Medline ® Abstract for Reference 51
of 'Pathology of breast cancer'
Clinicopathologic features and long-term outcome of patients with medullary breast carcinoma managed with breast-conserving therapy (BCT).
Vu-Nishino H, Tavassoli FA, Ahrens WA, Haffty BG
Int J Radiat Oncol Biol Phys. 2005;62(4):1040.
PURPOSE: The purpose of this study is to compare the clinical characteristics and outcome of medullary carcinoma to infiltrating ductal carcinoma of the breast in a large cohort of conservatively managed patients with long-term follow-up.
METHODS AND MATERIALS: Chart records of patients with invasive breast cancer managed with breast-conserving therapy (BCT) at the therapeutic radiology facilities of Yale University School of Medicine before 2001 were reviewed. Forty-six cases (1971-2001) were identified with medullary histology; 1,444 patients with infiltrating ductal carcinoma served as a control group.
RESULTS: The medullary cohort presented at a younger age with a higher percentage of patients in the 35 years or younger age group (26.1% vs. 6.6%, p<0.00001). Twelve patients with medullary histology underwent genetic screening, and 6 patients were identified with deleterious mutations. This group showed greater association with BRCA1/2 mutations compared with screened patients in the control group (50.0% vs. 15.8%, p = 0.0035). The medullary cohort was also significantly associated with greater T stage and tumor size (37.0% vs. 17.2% T2, mean size 3.2 vs. 2.5 cm, p = 0.00097) as well as negative ER (84.9% vs. 37.6%, p<0.00001) and PR (87.5% vs. 48.1%, p = 0.00001) status. As of February 2003, median follow-up times for the medullary and control groups were 13.9 and 14.0 years, respectively. Although breast relapse-free rates were not significantly different (76.7% vs. 85.2%), 10-year distant relapse-free survival in the medullary cohort was significantly better than in the control group (94.9% vs. 77.5%, p = 0.028).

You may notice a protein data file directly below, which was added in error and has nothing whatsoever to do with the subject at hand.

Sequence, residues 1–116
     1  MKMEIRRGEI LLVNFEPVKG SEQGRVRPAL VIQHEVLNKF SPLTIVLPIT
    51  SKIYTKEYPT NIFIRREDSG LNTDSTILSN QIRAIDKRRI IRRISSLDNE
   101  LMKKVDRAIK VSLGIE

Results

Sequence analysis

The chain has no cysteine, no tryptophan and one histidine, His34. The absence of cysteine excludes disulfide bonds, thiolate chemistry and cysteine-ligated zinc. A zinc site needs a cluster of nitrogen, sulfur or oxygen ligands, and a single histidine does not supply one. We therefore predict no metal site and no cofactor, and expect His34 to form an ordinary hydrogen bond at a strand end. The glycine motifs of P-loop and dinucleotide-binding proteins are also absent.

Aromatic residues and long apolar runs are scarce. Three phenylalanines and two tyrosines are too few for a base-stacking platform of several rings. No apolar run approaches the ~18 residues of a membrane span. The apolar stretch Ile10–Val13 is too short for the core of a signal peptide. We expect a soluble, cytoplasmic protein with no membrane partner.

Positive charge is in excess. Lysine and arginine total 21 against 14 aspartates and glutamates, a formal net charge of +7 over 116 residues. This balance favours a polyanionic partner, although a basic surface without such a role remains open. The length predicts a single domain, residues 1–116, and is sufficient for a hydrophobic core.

CONCLUSIONS: Despite poor clinicopathologic features, patients with medullary histology demonstrate favorable long-term distant relapse-free survival. Local control rates of patients with medullary and infiltrating ductal carcinoma are comparable. These findings suggest that patients diagnosed with medullary carcinoma are appropriate candidates for BCT and are associated with favorable long-term prognosis.
Department of Therapeutic Radiology, Yale University School of Medicine, New Haven, CT, USA.